Egypt: it feels like it was aeons ago that my husband, Bubbles and I went on a holiday to Cairo and Sharm-el-Sheikh but I remember minute details of the trip like it was yesterday, for both good and bad reasons. The trip left an indelible mark on me, quite literally, as you’ll soon find out*.
This was our first trip that we booked our holiday via a travel agency. This covered the flights, hotel and airport transfers. We also organised a tour guide and driver, as even the most seasoned traveller would tell you that you need, at the very least, a driver to take you around Cairo. Do not attempt to travel on your own unless you are overly ambitious and adventurous…and brave! It is one thing trying to navigate your way on the labyrinthine roads of a foreign country, but quite another to dodge the local predators that lurk around tourist sites! Street vendors can be pretty aggressive at peddling their wares to you and there are lots of touts waiting to cheat an unsuspecting tourist.
I must say we felt very pampered from the moment we arrived in Cairo as the travel agency representative greeted us at the airport and sent us straight to the hotel. Until then, we were used to finding our own way to the hotel, checking in and doing everything ourselves. Our rep did all this while we lounged in the waiting area sipping on welcome drinks.
Since we had arrived in the evening, our tour was to only start the next day with our guide, Emad. We decided to have dinner at the hotel restaurant. I’ve never mentioned this before, but each holiday we unintentionally end up spending on something on a whim that is an utter and complete waste of money. We learnt a big lesson after our first ever holiday together to Rome when we returned with a clay model of the Colloseum and gladiator figurines. A week later we wondered: why the hell did we buy these? Ever since then, we decided that we would only buy fridge magnets or the odd t-shirt, but somehow some wasteful expenditure deceptively creeps in in another form. On this holiday, it came a bit too early! Of course, it should come as no surprise that eating at a hotel restaurant will set you back at least double the amount of eating out. In fact, Bubbles warned me that it was going to be expensive, but drilling sense into me when I’m famished is akin to asking the Japanese to stop whaling: it won’t work! Anyway, we chose a restaurant that beckoned to us with the aroma of fried Indian spices and sweet sitar music. We ordered enough food to last us the whole trip. See, this is what happens when you order ‘under the influence’ (of hunger). Suffice to say, the food was nice, the ambience royal and the bill a whopping £50++ equivalent! It’s a lot to pay for an Indian meal in a hotel in Egypt, but I suppose the high price tag came with eating at Oberoi Hotel’s restaurant. So, we retreated to our room making a mental note to survive on beans on toast for a week after our holiday!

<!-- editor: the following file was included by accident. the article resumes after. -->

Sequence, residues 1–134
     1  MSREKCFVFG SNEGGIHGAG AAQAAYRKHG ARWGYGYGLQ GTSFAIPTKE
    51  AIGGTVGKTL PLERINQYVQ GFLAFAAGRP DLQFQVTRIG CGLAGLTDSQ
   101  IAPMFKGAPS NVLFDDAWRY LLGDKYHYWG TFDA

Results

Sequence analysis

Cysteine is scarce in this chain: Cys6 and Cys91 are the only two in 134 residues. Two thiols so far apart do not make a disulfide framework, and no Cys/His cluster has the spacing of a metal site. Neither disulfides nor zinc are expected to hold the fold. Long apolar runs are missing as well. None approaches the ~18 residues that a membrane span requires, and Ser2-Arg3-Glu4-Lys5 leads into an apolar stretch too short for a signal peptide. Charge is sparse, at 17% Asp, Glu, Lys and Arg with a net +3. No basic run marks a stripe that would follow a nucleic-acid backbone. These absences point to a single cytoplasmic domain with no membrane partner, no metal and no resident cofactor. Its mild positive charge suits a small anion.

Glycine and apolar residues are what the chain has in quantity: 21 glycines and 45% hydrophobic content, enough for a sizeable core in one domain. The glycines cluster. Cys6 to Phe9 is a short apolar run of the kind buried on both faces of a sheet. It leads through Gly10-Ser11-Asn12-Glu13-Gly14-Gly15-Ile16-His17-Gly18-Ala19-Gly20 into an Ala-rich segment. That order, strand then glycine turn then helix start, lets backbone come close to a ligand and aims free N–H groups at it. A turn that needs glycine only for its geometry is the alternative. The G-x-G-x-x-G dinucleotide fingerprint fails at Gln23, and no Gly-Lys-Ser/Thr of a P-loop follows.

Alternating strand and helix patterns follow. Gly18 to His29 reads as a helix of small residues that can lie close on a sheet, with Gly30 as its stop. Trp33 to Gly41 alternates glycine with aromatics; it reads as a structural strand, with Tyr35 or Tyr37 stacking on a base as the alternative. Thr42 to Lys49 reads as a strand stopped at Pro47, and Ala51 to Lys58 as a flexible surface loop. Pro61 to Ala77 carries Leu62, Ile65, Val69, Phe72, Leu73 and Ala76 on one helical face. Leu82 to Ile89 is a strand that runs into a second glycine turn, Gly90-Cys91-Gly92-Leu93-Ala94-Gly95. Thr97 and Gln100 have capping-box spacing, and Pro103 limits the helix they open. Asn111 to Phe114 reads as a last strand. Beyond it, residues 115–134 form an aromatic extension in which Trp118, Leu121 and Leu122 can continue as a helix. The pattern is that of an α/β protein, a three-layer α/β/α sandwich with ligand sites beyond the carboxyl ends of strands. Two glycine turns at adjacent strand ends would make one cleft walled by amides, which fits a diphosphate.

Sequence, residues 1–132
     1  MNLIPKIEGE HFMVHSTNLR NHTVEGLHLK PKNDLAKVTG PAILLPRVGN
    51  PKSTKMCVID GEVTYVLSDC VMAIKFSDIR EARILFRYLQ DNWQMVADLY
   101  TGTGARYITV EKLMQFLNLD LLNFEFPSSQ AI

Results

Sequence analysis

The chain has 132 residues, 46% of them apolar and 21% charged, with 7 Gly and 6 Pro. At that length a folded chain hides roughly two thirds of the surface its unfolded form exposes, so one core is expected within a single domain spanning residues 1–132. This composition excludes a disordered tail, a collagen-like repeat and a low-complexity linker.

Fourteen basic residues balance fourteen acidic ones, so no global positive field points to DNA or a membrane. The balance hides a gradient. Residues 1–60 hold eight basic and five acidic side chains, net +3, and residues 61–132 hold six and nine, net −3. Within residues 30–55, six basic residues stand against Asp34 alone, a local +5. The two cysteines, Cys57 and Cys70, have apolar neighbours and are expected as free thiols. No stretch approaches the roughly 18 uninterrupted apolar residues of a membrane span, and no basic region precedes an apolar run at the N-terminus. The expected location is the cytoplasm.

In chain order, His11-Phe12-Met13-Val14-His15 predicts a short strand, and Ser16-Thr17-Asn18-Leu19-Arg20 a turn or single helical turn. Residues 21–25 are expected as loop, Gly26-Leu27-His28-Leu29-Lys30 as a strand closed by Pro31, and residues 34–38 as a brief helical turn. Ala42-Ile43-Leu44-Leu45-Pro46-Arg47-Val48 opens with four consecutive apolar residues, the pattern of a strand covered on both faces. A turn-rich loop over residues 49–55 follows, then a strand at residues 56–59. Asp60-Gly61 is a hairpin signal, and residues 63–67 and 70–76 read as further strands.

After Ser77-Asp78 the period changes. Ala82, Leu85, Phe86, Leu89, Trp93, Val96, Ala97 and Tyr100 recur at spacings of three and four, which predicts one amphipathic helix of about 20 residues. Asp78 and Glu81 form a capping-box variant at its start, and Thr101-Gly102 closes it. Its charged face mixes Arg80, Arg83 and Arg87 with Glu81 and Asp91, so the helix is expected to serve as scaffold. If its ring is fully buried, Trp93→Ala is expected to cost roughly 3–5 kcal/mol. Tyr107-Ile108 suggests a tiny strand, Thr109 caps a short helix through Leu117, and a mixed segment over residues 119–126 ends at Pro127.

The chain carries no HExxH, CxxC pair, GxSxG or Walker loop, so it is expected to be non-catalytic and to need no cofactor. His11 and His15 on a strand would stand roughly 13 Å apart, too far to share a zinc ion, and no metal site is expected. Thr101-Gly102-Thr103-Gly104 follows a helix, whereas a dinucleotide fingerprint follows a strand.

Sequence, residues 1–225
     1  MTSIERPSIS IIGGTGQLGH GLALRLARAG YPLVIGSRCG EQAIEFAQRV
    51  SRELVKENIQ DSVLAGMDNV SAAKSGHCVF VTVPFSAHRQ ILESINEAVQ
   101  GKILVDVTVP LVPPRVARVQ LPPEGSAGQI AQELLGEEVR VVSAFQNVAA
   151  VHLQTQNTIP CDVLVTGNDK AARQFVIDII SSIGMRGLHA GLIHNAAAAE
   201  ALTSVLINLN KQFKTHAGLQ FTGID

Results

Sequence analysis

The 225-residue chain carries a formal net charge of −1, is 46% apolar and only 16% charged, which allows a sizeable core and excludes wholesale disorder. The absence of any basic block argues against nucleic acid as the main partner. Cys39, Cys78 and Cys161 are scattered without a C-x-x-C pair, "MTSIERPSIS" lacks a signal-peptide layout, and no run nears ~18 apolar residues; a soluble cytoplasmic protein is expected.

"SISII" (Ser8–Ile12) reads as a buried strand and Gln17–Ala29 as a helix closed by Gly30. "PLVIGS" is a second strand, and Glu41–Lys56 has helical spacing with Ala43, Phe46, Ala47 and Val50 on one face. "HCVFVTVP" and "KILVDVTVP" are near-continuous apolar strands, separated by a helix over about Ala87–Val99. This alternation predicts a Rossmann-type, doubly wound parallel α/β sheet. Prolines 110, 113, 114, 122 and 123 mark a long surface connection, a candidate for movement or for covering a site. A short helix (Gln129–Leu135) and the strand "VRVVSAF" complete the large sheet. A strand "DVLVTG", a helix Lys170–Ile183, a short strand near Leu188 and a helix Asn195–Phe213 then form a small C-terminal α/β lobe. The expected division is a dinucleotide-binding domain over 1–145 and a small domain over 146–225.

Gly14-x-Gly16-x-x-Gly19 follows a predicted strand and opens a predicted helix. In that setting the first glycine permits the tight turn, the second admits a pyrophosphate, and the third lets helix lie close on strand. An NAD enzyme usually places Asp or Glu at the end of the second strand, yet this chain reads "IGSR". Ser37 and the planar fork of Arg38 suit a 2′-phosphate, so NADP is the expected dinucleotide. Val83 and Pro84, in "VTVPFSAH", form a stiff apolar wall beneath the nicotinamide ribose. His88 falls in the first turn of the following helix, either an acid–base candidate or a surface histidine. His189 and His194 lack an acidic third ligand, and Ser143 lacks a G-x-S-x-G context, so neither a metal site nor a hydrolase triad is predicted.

The next day, we started our tour of Cairo. Emad came bright and early to fetch us from the hotel. We headed to Cairo museum first as Emad said we would otherwise get caught in mid-day traffic jams. Cairo museum transported us thousands of years back in time, to an era when Egyptian civilisation was transfixed by the unknowns of the afterlife (not that any of us aren’t now) and centred their daily lives around preparing for this day. To this day, their mysterious practices are the subject of constant research. We soaked in all the facts about ancient Egypt as we traversed the halls of the museum. Every now and then I chanted “Imhotep! Imhotep!” (ala The Mummy) with my arms outstretched, which Bubbles found hilarious!
After the museum, Emad took us to Ibn Tulun mosque. It was a choice between the citadel and the mosque and disliking crowds, we chose the less popular mosque. On the way there, we went past graveyards by the roadside. One legacy the ancient Egyptians left behind is a penchant for building graveyards and we could see brick graveyards everywhere. These were nowhere near the grandiose “graves” once built for their rulers, but still quite significant nonetheless.